Other key findings include:
· Contribution to social inclusion: 40 per cent of residents questioned in "on train" surveys did not own a car, compared to the average of 25 per cent for the region's population as a whole. 22 per cent of trips on the rail network are undertaken to visit friends and relatives.
· Retention of population: on some lines, over 20 per cent of residents said they would move to a larger town or leave the region entirely if rail services ceased.
· Supporting an integrated transport network: 10 per cent of local people interviewed were island residents. Passengers travelling to/from one of the islands comprised 22 per cent of those surveyed on the Oban line.
· Environmental benefits: new commuter services reduce congestion on roads. Over a 30-year period, the environmental benefits from lower car traffic, through reduced noise, air pollution and other factors, are calculated at £20 million.
Mike Connelly, the Strategic Rail Authority's national communications manager for Scotland said: "The Strategic Rail Authority welcomes the initiative taken by HIE in developing the Case for Rail In the Highlands & Islands. We look forward to giving the document our consideration and we are confident that it's something that can feed into the future Scottish Planning Assessment."
|THE CASE FOR RAIL IN THE HIGHLANDS AND ISLANDS
Final Report - March 2004
Prepared for - Highlands and Islands Enterprise
1.1 This Report presents the findings of a study
undertaken by Steer Davies Gleave,
The Case for Rail in the Highlands and Islands
Passenger Rail Demand
1.4 The general trend has been upwards and it is
expected that rail demand will continue
1.8 In terms of social inclusion, access to employment
and education opportunities as well as leisure activities are important
elements of everyday life for residents within local communities in the
Highlands and Islands. Access to activities such as shopping, restaurants
and cinemas are important for the development of sustainable rural
communities. However, many people living in remote areas require to travel
significant distances in order to access these facilities, for which the
rail network is an
1.9 Passengers travelling on the Fort William sleeper
were in the main undertaking a
1.10 In contrast there was a more balanced mix of
journey purposes on the Inverness
1.11 Residents tend to travel more frequently on sleeper
services than non-residents, with
1.12 The sleeper service is important to Highland and Islands resident business travellers as it provides an opportunity to travel overnight to London, conduct a day’s business and return the following day. The attraction of the sleeper service is that it should allow users to make more productive use of their time by travelling overnight. Similarly, the link exists for customers, suppliers and other company locations to make visits to the Highlands and Islands more easily.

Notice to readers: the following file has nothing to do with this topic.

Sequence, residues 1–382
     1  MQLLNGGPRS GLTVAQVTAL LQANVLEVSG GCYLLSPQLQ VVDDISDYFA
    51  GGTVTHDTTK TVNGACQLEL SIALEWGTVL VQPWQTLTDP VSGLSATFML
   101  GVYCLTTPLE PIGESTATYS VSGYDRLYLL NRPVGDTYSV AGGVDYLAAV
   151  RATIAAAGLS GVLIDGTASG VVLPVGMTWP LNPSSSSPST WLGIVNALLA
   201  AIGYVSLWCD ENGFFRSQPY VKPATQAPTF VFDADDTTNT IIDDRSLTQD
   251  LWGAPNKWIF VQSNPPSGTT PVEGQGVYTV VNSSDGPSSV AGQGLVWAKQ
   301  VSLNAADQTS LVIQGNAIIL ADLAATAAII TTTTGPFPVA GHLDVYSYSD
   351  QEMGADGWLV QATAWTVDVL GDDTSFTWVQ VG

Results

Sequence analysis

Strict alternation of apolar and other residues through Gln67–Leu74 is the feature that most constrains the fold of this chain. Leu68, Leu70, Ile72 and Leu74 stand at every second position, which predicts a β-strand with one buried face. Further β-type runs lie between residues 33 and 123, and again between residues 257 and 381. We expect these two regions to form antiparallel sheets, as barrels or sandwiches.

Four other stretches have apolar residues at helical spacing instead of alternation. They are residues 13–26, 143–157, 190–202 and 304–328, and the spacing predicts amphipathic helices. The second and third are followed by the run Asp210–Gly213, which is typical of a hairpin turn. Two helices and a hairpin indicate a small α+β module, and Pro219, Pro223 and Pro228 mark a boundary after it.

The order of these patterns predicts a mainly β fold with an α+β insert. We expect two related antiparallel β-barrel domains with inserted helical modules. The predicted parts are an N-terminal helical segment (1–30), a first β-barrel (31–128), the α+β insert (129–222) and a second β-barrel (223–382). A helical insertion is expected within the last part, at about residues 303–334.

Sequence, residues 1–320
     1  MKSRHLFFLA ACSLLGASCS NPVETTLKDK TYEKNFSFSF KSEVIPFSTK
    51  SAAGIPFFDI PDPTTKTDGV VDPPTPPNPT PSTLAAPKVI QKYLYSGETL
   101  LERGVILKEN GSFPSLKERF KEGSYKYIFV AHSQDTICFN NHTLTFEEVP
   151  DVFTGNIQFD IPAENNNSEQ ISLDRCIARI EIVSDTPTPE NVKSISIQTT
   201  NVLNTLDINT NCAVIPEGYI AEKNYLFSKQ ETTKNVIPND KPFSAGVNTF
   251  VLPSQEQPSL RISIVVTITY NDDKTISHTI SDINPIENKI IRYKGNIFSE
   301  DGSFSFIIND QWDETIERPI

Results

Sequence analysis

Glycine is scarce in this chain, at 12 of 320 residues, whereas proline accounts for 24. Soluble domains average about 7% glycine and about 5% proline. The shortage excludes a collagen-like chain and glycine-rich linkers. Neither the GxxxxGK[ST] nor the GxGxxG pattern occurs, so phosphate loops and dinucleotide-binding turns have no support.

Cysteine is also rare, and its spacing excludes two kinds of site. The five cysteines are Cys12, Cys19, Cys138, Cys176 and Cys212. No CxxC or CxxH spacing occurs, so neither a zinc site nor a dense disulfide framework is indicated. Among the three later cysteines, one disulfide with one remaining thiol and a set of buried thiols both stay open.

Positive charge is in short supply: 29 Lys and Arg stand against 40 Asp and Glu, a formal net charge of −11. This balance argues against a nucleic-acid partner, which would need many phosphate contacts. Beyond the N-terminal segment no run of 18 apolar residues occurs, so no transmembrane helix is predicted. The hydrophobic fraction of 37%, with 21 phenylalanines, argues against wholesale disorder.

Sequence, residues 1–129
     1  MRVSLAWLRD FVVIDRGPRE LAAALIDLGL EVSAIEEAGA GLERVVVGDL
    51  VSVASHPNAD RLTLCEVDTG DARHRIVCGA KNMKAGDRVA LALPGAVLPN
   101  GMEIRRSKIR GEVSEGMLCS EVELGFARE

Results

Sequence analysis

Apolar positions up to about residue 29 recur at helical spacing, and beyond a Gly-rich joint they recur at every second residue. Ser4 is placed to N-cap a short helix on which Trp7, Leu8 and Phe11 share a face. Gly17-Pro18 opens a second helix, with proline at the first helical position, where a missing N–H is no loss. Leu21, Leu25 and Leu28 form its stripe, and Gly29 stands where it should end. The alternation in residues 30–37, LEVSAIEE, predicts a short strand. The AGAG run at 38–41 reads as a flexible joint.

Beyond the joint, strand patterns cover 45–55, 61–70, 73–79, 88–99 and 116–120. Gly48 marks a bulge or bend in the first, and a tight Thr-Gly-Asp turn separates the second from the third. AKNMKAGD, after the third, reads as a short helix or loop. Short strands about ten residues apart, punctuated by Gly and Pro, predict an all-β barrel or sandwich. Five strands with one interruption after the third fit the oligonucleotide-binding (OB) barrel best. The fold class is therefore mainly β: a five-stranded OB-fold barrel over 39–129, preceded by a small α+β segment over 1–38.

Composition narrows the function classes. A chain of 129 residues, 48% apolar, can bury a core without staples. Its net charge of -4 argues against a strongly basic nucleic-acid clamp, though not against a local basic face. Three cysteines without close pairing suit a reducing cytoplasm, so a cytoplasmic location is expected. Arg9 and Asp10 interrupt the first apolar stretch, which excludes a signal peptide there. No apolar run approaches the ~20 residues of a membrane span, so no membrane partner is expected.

Economic Impact Valuation: EALI Impacts
1.14 As the basis for both approaches it was necessary
to define a counterfactual scenario
1.15 The real economy approach considers the benefits at
the level of the Highlands and
1.16 Where users change their travel behaviour there are
real economy impacts, for
1.17 We estimate that a total of 1,506 FTE jobs in the Highlands and Islands would be lost if the rail network were to close. Of these, 400 FTE jobs would be lost directly and after allowing for offsetting growth in other transport sectors and multiplier effects, the net effect would be 476 FTE jobs; in addition there would be an estimated 1,080 FTE jobs lost due to changes in business and leisure travel plus associated multiplier effects. Additionally, the closure of the rail network would bring about creation of some 50 FTE jobs which currently do not exist because people are able to work on trains. The latter finding is based on assumptions which are consistent with the transport economic analysis. This and a 30-year assessment of impacts are discussed in a separate appendix (Technical Report 1: Economic Analysis).
Social Welfare Valuation: TEE Impacts
1.19 The welfare loss is driven by the busier lines
(Highland Main and Aberdeen Lines),
1.20 Losses to business account for £227 million of the
total loss calculated. Of this
1.23 It is unlikely that there will any real impact
across the sector or that costs incurred
1.24 Movement of goods by road would increase in the absence of rail: an extra 7.3 million lorry road miles and more than 25,000 lorry loads.
1.25 The costs associated with each route are applied to
the number of lorry miles and
Accidents and Maintenance
1.27 As rail travel has well publicised environmental
advantages over other modes the loss